FontanaArte was founded by architect Gio Ponti in 1932. A leader in advanced Italian glass manufacturing and design, FontanaArte's works were first distinguished by artistic stained-glass windows, many of which remain a part of modern life (Duomo of Milan, Cathedral of Brasilia). Ponti realized the potential of this material and soon FontanaArte started to produce furniture, lamps and objects with glass as the main distinguishing feature.
Over the years, FontanaArte has collaborated with many architects and designers including Pietro Chiesa, Gae Aulenti, Pierluigi Cerri, Piero Castiglioni, Vico Magistretti, Vittorio Gregotti, Ettore Sottsass, Umberto Riva, Alvaro Siza and Renzo Piano, all of whom have contributed to the very high quality of design that is FontanaArte.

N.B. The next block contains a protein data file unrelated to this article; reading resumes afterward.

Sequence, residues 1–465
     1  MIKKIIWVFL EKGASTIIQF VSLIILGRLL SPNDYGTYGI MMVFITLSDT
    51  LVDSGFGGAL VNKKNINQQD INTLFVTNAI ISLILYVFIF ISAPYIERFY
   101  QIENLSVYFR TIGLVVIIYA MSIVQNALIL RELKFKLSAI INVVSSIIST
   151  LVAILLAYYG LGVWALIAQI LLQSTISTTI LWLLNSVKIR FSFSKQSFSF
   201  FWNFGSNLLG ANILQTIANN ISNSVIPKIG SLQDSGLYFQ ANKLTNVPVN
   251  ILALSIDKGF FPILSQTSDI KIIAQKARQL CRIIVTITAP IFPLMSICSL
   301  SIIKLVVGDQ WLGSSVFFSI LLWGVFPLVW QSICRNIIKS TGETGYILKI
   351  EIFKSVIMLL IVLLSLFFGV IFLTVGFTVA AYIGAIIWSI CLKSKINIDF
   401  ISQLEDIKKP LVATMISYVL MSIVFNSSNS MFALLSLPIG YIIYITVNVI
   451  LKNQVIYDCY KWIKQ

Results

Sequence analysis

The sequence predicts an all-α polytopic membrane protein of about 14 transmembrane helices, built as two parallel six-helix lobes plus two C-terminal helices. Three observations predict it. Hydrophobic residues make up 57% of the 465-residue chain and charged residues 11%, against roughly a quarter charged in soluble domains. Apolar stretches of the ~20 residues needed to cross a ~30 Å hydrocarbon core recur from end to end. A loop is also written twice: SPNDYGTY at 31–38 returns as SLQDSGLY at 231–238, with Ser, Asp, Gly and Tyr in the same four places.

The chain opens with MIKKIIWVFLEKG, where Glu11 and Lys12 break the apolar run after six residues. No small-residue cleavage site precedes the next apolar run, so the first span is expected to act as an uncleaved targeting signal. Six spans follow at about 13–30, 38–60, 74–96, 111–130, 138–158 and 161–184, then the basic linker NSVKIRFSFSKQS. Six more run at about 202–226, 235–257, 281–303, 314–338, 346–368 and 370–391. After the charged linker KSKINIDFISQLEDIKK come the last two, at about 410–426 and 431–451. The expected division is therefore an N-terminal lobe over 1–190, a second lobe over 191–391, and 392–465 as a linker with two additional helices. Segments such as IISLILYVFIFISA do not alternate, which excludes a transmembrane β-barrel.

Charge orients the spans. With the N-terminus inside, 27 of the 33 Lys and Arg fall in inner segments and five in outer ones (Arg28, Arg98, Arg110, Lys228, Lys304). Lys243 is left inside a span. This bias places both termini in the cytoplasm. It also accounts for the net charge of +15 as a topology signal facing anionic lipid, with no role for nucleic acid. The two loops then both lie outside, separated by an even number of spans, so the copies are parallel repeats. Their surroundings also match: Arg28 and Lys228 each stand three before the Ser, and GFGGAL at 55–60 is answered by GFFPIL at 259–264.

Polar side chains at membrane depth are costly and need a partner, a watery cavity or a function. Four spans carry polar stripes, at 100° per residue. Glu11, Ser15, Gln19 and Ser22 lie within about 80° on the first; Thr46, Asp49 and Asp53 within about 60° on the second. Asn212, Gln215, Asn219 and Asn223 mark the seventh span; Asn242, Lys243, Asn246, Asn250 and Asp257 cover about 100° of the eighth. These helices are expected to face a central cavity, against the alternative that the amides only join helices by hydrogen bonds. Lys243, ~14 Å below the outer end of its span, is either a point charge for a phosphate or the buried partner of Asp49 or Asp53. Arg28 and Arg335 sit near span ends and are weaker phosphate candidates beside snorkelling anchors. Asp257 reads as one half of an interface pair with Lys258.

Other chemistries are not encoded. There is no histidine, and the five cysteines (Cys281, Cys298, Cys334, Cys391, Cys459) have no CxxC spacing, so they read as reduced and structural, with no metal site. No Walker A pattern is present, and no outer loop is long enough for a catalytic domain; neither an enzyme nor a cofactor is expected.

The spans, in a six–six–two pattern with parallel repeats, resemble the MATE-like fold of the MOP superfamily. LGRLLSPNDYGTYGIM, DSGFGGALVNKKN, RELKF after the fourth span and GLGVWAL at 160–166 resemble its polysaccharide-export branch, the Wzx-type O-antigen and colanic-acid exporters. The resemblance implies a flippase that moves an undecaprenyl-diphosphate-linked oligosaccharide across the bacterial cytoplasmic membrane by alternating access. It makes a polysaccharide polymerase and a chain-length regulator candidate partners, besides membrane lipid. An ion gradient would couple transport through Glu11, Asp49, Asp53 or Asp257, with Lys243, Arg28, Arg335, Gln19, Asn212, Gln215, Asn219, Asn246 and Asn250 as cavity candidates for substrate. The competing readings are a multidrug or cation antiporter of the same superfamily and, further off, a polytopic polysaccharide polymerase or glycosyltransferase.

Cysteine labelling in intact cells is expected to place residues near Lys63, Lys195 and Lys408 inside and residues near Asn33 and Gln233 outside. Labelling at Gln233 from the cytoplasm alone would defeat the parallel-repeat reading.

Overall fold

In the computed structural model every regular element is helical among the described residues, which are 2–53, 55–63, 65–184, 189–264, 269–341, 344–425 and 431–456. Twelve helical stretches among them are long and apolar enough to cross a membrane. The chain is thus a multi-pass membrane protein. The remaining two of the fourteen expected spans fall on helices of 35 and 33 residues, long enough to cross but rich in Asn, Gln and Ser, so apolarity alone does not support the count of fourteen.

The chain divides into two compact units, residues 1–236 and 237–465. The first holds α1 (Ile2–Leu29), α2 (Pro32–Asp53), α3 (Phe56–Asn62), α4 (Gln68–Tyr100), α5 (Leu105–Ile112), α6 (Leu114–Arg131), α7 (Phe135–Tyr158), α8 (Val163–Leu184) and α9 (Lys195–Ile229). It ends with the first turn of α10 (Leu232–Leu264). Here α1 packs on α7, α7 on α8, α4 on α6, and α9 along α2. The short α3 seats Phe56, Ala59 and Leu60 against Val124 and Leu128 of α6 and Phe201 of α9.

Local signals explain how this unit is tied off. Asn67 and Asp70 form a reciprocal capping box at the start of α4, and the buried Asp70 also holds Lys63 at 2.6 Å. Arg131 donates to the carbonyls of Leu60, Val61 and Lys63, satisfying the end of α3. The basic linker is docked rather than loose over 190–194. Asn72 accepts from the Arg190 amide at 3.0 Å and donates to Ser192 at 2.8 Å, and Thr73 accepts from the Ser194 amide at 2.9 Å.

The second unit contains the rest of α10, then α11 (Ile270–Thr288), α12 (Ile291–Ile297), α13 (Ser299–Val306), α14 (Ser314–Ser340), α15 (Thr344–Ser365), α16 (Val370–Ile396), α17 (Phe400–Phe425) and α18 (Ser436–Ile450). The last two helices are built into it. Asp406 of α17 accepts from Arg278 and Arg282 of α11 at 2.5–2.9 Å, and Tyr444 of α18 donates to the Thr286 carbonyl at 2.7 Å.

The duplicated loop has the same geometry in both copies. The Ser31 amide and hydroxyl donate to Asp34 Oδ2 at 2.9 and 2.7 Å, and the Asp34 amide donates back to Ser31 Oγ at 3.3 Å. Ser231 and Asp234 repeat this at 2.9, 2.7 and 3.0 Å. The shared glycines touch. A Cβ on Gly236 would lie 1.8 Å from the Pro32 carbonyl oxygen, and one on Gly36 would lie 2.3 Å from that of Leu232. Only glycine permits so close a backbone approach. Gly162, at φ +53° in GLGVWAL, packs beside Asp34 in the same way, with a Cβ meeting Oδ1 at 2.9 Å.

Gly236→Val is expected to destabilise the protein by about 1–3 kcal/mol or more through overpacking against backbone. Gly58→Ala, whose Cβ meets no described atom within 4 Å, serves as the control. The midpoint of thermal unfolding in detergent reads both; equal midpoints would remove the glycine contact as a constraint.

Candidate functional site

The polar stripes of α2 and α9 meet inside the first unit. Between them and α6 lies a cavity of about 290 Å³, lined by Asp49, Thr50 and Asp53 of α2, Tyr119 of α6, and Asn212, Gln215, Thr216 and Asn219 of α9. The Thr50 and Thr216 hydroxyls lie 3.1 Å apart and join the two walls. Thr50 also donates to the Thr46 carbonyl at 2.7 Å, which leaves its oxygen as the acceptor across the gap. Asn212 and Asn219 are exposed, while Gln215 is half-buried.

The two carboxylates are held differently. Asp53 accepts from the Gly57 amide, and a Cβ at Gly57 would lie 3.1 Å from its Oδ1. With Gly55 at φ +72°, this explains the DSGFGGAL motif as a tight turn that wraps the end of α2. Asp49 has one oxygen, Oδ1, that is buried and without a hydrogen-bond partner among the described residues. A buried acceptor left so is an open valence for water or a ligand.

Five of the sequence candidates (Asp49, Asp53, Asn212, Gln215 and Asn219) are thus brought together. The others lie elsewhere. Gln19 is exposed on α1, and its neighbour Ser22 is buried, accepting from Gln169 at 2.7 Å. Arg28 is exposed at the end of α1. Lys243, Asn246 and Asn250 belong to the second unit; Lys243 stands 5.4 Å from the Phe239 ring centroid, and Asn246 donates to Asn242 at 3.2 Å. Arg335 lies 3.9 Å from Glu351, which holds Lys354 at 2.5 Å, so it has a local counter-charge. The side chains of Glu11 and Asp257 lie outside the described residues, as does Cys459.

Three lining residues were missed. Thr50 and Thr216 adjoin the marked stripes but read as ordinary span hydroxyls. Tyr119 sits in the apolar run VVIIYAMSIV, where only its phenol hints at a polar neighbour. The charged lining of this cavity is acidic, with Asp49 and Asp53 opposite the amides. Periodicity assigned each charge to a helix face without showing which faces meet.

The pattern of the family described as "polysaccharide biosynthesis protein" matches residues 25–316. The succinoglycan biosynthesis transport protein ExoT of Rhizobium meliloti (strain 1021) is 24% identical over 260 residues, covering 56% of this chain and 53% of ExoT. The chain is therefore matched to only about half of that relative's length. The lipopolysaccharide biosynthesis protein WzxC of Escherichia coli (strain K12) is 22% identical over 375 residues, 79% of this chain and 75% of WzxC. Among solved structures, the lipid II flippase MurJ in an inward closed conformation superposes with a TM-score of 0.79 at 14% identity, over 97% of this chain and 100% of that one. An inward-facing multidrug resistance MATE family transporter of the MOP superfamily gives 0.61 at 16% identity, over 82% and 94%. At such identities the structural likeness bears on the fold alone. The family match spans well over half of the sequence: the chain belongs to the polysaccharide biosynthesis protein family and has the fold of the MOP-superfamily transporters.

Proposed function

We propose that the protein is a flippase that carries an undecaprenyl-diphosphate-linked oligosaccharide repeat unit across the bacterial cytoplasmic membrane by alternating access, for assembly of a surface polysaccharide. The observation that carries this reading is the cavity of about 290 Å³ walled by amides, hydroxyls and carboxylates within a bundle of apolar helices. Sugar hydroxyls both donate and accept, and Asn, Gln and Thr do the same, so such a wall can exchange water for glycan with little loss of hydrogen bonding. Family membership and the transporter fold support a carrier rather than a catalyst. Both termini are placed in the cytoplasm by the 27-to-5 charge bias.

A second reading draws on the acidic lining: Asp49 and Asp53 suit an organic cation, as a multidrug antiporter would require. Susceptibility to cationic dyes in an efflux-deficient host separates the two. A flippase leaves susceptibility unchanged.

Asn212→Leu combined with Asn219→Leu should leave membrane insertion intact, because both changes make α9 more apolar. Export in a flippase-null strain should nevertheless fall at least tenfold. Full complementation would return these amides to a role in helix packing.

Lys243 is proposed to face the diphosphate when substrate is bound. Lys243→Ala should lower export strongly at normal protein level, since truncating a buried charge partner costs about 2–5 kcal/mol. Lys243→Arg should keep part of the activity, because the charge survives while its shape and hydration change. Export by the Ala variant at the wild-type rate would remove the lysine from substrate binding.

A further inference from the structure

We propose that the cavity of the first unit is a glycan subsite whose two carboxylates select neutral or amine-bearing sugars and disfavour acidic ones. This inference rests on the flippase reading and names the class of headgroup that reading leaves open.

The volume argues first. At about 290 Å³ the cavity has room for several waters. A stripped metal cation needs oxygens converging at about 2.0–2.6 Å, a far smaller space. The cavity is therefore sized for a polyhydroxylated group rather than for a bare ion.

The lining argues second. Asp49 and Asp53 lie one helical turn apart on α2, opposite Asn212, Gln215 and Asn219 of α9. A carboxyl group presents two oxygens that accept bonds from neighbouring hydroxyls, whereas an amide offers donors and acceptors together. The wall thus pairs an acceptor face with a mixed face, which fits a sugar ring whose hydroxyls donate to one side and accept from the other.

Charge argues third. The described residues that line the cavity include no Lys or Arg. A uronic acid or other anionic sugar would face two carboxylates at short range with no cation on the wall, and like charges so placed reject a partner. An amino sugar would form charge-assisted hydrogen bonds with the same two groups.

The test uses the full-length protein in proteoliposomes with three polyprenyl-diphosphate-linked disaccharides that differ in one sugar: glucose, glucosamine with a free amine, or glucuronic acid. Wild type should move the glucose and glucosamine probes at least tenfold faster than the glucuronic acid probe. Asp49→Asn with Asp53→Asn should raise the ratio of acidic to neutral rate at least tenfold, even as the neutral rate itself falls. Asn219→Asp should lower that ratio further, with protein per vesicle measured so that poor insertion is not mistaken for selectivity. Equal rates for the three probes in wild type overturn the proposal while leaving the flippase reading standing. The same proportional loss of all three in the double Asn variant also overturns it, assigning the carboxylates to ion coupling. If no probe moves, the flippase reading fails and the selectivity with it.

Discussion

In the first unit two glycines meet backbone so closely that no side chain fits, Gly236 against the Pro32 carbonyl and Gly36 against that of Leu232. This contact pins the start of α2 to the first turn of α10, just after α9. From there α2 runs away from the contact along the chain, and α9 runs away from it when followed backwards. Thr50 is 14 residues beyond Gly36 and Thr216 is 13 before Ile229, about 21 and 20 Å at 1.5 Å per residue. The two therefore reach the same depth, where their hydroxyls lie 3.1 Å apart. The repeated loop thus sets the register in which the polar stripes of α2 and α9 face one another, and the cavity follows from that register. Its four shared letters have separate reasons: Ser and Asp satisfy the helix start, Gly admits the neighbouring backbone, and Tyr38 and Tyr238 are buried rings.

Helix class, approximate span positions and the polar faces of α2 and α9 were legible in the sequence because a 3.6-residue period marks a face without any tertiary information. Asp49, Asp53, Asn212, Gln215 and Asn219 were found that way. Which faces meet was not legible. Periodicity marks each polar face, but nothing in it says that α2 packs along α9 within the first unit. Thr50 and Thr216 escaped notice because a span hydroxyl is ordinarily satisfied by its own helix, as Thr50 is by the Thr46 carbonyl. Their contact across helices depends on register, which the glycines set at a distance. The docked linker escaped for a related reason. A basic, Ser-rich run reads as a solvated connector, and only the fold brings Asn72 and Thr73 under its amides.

Pietro Chiesa, born 1892 Mailand - 1948, served an apprenticeship in the studio of the furniture designer and interior decorator Giovan Battista Gianotti in Milan. In 1921 Pietro Chiesa opened Botega di Pietro Chiesa in Milan. In 1925 Pietro Chiesa showed work at the "Exposition Internationale des Arts Decoratifs et Industriels Modernes" in Paris. In 1927 Pietro Chiesa joined Gio Ponti, Michele Marelli, Tomaso Buzzi, Emilio Lancia, and Paolo Venini to found Il Labirinto, which made high-quality furnishings in the Novecento style. Pietro Chiesa concentrated mainly on designing glass. In 1933 Pietro Chiesa became artistic director of Fontana Arte, the firm founded by Gio Ponti and Luigi Fontana. Fontana Arte started out concentrating on furniture and glass but later became known for lighting. Pietro Chiesa treated glass like a valuable material, fragmenting pieces of it and using special cutting techniques. At the same time Pietro Chiesa created pure forms such as the 1932 glass table, made of a single bent band of clear glass. In 1933 Pietro Chiesa designed "Luminator", an elegant, flute-shaped floor lamp of lacquered brass tubing, which provided indirect light. Pietro Chiesa was a leading exponent of Italian Art déco.View other products by Pietro Chiesa